(RNN/WTXL) – Burt Reynolds, the charismatic actor known for playing a charming rogue in “Smokey in the Bandit” and “Cannonball Run” - then later in "Boogie Nights" has died at age 82.
An agent has confirmed to ABC News that Burt Reynolds has died. TMZ reports he died Thursday morning at a Florida hospital.
Reynolds was one of the most popular male actors of the 1970s and 1980s. His charm and chiseled features – fronted by a sly and somewhat sinister grin – made him a sex symbol during his prime and a highly sought leading man in Hollywood.
He got into acting after a promising football career at Florida State University was derailed by injuries.
Current Florida State President John Thrasher issued the following statement to WTXL about Reynolds' passing:
“The entire Florida State University family is saddened to learn we have lost our good friend Burt Reynolds. His lifelong passion for FSU began when he came to this university to play football in the 1950s. Although he was sidelined by injuries, he went on to become one of the most successful actors in Hollywood. But he never forgot his alma mater. He returned to campus when he could, bringing his trademark charm and wit, to visit old friends, catch a football game and mentor our film students. He remained an ardent supporter of Seminole Athletics and the entire university. We will miss him dearly.”
His scholarship to the Hyde Park Playhouse in New York provided Reynolds valuable mentorship and the platform for what was to become a successful film career.
The first major break for Reynolds came in TV. He was cast as "Quint Asper" in the popular Gunsmoke series as well as earlier roles in other shows, including Alfred Hitchcock Presents and Perry Mason. He was a regular performer in several small-screen productions before a major splash in movies.
Reynolds in 1972 starred alongside Jon Voight, Ned Beatty and Ronny Cox in Deliverance, a film about four Atlanta businessmen and buddies who took a canoe trip on a remote Georgia river that went terribly wrong. The movie made the song Dueling Banjos popular, it turned rural Southerners into a punchline and just as importantly, it made Reynolds a household name.
The critical and box office success of the movie combined with a near-nude centerfold shoot of Reynolds in Cosmopolitan magazine the same year cemented his status as a sex symbol.
Reynolds scored another major role as the lead in the Smokey and the Bandit series, which seemed to perfectly fit his image as a smooth and sharply sarcastic country boy with a disregard for authority. He tapped his athletic background to play star football player-turned-inmate "Paul Crewe" in The Longest Yard. Reynolds also starred alongside singer and actress Dolly Parton in The Best Little Whorehouse in Texas.
The financial success and cult following of his movies did not parlay into much when it came to critical accolades.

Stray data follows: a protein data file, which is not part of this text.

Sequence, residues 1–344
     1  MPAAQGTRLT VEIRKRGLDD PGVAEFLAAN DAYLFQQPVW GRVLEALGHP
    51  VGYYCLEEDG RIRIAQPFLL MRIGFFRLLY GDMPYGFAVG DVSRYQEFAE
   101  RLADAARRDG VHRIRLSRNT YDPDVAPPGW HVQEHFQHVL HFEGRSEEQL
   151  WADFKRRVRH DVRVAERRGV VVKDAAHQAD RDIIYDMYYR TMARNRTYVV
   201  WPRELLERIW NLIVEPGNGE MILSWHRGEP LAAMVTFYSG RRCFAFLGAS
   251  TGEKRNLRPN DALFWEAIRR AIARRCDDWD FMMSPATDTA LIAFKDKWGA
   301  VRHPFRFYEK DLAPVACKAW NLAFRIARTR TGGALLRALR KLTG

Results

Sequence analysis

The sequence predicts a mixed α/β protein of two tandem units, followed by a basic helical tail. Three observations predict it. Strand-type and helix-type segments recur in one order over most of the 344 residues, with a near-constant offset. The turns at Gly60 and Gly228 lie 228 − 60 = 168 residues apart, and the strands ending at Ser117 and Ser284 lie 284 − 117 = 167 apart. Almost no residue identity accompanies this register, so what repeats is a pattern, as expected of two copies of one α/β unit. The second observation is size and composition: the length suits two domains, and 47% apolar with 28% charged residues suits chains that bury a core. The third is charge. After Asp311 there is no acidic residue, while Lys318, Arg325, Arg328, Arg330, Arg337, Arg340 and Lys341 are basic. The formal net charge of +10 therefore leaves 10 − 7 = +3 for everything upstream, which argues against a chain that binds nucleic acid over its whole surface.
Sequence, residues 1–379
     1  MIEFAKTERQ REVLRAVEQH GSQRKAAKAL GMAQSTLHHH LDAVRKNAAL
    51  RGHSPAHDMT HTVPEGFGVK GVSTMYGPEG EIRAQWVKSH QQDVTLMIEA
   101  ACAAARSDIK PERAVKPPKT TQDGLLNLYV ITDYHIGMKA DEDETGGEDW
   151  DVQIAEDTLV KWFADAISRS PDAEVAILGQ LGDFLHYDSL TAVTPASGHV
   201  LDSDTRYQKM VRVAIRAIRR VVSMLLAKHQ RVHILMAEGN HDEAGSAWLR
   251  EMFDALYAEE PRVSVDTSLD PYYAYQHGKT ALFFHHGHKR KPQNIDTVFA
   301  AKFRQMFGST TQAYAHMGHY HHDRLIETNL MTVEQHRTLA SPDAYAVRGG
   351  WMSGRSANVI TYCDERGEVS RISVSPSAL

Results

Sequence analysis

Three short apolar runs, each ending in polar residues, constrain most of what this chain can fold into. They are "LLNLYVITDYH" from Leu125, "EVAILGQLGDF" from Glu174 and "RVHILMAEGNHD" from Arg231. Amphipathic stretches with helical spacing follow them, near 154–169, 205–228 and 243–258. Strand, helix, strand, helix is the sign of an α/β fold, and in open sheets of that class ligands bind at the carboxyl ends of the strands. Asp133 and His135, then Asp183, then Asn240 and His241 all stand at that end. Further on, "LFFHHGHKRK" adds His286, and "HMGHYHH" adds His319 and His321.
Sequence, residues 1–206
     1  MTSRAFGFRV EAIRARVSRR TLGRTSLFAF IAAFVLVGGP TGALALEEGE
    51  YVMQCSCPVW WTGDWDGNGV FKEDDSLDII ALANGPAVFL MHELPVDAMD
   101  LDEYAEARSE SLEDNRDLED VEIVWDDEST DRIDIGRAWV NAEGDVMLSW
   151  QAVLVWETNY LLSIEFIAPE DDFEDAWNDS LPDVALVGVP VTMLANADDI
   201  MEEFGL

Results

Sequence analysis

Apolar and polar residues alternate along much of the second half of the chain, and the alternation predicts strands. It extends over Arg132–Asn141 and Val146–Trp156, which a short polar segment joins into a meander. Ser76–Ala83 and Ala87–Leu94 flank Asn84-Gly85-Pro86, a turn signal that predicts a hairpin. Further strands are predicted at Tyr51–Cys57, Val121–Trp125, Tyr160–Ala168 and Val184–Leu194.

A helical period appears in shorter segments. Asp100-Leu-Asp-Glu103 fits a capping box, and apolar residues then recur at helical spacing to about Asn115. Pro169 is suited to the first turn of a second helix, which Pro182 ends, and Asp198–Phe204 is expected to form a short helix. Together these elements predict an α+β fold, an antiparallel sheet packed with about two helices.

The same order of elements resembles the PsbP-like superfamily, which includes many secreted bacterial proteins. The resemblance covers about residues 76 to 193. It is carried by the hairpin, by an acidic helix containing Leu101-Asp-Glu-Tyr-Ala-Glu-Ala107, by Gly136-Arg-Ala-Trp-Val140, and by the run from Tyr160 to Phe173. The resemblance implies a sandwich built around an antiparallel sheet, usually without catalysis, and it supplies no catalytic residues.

Reynolds did not earn a major award for his acting until he returned to TV, claiming an Emmy in 1991 and Golden Globe the following year for his role in Evening Shade. Once again, Reynolds played a suave former football star.
He did not sustain the same type of star power as two decades earlier, but regular roles in major projects were not hard to come by. Reynolds proved he was still a relevant actor by earning an Academy Award nomination and Golden Globe win for Boogie Nights, a movie in which he played pornographic film producer Jack Horner.
His romps with several beautiful Hollywood women throughout his life only served to boost his amorous reputation. Reynolds was romantically linked with a string of women that, among others, included tennis star Chris Evert, Smokey and the Bandit co-star Sally Field, and singer and longtime partner Dinah Shore, who was 20 years older.
Reynolds is most famously linked with Loni Anderson, an actress and former pageant queen, to whom he was married from 1988 through 1993. The couple adopted a son, Quinton Anderson Reynolds. His previous marriage to actress and comedian Judy Carne ended in the mid-1960s after less than four years.
Financial ruin resulted from exorbitant spending and a costly divorce from Anderson, and Reynolds filed for Chapter 11 bankruptcy in 1996.
Early life and career
Burton Milo Reynolds Jr. was born in Waycross, GA, on Feb. 11, 1936. His father was in the military, and the family briefly lived in Michigan before settling in Florida when Reynolds was 10 years old. He was a star fullback at Palm Beach High School and had scholarship offers from several schools before settling on the in-state Seminoles.
College football commentator Lee Corso has been known to joke about the fact that he and Reynolds were roommates at Florida State.
The injury Reynolds suffered early in his college career forced him to think about other vocational options. He enrolled in an acting class, accepted immediate urging to try out for the lead role in a play and eventually won the Florida State Drama Award.
After traveling to Hyde Park, Reynolds hung around New York and worked odd jobs before spending some time acting in stage productions.
He was reportedly one of the actors who turned down the role of Han Solo in Star Wars before producer George Lucas offered the part to little-known Harrison Ford.
Reynolds was awarded a star on the Hollywood Walk of Fame on March 15, 1978.
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